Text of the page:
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    Madoff Scorecard, in Billions: $17.5 Lost, $10 Recovered, $1 to Do It

    Unwinding the biggest Ponzi scheme in U.S. history hasn’t been cheap. Six years after Bernard Madoff’s fraud collapsed, the cost of liquidating his defunct investment advisory firm to repay thousands of victims has topped $1 billion, though the con man’s former customers aren’t footing the bill. The fees, paid by the industry-backed Securities Investor Protection Corp., or SIPC, which is managing the case, have financed a team of lawyers who this week surpassed $10 billion in recoveries for victims, or almost 60 percent of the principal that vanished after Madoff’s arrest in December 2008. More on Bloomberg here.

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    Protecting Millionaires ‘Strains Logic & Reason’: SEC Commissioner

    Securities and Exchange Commission Chairwoman Mary Jo White reiterated Thursday that the agency is taking a “comprehensive review” of potential changes to the accredited investor definition, but SEC Commissioner Daniel Gallagher said such an endeavor “strains logic and reason,” and that “millionaires can fend for themselves.” Both White and Gallagher made their remarks during the Government-Business Forum on Small Business Capital Formation, held at SEC headquarters in Washington. The forum delved into whether changes need to be made to the accredited investor definition as it relates to natural persons. White stated that the SEC’s goal is to “assess whether we are properly identifying the population of investors who should be able to purchase securities in a securities offering without the protection afforded by the registration requirements of the Securities Act.” More on Think Advisor here.

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    $30 million award to tipster underscores banner year for SEC whistleblower program

    The U.S. Securities and Exchange Commission experienced a banner year with its whistleblower program in fiscal 2014, awarding more tipsters than all previous years combined and issuing a record-setting $30 million to one individual who reported fraud. The SEC said in a report to Congress this week that it authorized a total of nine monetary awards this year to people who provided original information about violations of federal securities laws. The agency had previously handed out a combined four awards since the program began in 2011. More in the Washington Post here.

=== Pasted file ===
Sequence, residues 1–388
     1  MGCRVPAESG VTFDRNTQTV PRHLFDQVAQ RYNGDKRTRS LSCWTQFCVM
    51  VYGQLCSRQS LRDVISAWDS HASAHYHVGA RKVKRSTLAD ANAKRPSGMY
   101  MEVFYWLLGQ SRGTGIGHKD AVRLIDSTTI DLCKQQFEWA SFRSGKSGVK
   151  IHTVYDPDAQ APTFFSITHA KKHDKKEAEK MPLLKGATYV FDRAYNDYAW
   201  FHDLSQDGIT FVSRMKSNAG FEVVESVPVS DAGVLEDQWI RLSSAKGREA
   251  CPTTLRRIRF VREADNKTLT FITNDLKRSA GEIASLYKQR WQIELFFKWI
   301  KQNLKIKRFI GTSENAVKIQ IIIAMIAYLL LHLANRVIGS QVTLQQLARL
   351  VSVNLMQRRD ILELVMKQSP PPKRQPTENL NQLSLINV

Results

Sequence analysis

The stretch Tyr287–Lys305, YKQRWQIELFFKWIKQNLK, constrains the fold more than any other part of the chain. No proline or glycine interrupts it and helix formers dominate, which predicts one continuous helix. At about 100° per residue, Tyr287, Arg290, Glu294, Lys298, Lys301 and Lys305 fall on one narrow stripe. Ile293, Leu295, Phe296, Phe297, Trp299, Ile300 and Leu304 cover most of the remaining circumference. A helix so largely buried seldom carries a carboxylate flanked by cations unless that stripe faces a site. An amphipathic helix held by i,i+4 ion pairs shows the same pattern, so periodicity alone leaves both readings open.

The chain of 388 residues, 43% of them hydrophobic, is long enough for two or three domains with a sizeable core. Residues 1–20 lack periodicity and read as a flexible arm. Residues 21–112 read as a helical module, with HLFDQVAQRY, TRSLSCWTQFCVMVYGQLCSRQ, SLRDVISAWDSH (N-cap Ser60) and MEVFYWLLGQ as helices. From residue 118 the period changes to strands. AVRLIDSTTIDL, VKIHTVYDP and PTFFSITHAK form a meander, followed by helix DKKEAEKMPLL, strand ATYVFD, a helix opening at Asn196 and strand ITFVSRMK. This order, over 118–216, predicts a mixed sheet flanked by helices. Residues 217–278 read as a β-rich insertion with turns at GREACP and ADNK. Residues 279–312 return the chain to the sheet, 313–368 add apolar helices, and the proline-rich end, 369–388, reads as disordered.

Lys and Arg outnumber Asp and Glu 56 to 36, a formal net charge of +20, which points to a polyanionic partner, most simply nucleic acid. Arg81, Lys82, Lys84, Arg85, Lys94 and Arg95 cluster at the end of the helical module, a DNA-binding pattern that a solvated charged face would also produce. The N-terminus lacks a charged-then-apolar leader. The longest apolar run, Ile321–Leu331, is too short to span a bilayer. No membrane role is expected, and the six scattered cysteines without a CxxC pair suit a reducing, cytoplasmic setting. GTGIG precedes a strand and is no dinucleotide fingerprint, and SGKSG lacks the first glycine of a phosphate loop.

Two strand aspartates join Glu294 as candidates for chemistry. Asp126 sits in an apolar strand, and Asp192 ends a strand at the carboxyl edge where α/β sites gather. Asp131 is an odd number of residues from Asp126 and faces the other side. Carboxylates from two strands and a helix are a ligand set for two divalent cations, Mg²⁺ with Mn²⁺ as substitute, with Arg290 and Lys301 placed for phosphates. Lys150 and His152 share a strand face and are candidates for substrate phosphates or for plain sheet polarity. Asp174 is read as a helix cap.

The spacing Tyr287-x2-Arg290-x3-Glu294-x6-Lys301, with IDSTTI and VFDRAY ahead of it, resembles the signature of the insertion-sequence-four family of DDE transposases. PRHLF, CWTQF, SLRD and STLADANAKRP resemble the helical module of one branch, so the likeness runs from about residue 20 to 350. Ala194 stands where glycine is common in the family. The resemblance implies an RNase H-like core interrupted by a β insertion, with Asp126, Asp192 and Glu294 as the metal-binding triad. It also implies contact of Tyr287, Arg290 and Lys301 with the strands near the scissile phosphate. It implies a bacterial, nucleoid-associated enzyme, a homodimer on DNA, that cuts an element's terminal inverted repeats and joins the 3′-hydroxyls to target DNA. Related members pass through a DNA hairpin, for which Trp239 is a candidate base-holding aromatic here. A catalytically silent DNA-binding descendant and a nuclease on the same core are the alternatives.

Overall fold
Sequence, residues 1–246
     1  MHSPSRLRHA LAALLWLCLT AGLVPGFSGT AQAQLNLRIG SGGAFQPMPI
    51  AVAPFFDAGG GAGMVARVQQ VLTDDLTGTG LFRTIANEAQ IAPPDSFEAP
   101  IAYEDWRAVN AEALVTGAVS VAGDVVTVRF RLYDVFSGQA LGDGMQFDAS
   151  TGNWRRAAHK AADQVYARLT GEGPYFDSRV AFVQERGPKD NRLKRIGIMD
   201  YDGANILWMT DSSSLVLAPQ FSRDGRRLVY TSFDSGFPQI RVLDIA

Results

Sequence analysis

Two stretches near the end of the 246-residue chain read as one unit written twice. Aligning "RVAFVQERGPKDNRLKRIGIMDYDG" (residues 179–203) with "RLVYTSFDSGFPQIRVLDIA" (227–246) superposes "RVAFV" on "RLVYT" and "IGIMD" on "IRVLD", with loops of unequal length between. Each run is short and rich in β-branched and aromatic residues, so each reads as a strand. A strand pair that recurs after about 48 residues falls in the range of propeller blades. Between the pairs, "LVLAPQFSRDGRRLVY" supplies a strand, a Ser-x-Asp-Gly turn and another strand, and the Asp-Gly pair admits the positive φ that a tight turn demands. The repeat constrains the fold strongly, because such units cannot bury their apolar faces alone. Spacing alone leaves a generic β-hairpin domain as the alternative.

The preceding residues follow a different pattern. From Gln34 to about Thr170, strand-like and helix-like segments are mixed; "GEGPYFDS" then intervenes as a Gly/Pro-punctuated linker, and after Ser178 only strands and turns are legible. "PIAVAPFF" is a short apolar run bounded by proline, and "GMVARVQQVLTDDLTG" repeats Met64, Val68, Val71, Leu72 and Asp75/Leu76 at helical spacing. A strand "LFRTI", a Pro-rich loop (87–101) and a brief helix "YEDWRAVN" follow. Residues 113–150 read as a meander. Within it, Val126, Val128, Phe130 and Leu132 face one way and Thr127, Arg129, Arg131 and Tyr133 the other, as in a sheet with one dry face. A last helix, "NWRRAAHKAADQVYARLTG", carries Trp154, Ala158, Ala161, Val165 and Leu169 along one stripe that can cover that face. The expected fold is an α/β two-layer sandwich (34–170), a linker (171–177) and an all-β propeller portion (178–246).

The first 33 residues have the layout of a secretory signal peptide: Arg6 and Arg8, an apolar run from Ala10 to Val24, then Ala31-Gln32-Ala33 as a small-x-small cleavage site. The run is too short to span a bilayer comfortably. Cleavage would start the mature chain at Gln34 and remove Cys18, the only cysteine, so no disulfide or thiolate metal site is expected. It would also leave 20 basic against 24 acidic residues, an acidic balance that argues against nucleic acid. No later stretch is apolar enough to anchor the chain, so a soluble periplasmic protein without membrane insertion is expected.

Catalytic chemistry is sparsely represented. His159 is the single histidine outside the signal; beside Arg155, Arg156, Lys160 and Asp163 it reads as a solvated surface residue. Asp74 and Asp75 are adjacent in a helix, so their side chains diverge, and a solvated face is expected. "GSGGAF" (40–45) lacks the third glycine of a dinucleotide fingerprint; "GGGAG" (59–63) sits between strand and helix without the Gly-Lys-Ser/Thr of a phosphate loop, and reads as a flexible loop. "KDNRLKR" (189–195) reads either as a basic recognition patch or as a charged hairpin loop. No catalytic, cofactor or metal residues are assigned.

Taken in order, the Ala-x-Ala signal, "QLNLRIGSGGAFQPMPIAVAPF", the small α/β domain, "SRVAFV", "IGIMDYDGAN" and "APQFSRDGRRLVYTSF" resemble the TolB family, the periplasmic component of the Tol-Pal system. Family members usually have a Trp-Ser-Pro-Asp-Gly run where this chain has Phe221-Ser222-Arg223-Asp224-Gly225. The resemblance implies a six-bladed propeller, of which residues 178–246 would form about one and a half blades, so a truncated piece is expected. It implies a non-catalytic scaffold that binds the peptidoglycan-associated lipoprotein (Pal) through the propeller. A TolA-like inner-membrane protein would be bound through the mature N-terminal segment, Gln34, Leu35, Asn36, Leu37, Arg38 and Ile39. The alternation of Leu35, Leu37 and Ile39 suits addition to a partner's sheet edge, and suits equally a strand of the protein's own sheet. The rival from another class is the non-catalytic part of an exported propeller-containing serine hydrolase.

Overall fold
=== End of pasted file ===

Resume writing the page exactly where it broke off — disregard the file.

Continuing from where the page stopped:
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    SEC approves rules on stock exchange technology

    WASHINGTON (MarketWatch) — Despite concerns of some commissioners that a rule doesn’t go far enough, the Securities Exchange Commission on Wednesday voted unanimously in favor of regulations designed to ensure the technology at stock exchanges works. The Commission voted to adopt rules on Regulation Systems Compliance and Integrity, which requires self-regulatory organizations, securities exchanges, registered clearing agencies and significant alternative trading systems, to establish policies and procedures to help ensure that systems have capacity, integrity and resiliency. SEC Chairwoman Mary Jo White said the adoption of the rule was put in place because the commission could not exercise oversight with a purely voluntary framework. More on Market Watch here.

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    Madoff Fraud Recovery for Bilked Investors Tops $10 Billion

    The trustee unwinding Bernard Madoff’s defunct investment firm said he surpassed $10 billion in recoveries for victims — or about 59 percent of the principal lost in the Ponzi scheme — after reaching a deal with two offshore funds that funneled money to the fraud.
    Primeo Fund and Herald Fund, both based in the Cayman Islands, agreed to pay a total of $497 million to end lawsuits over their withdrawals from Madoff’s investment advisory business, the trustee, Irving Picard, said today in a statement.
    If the settlement is approved, the total amount recovered by Picard’s team of lawyers over the past six years will total more than $10.3 billion of the $17.5 billion lost by thousand of investors when Madoff’s scheme unraveled in December 2008. More on Bloomberg here.

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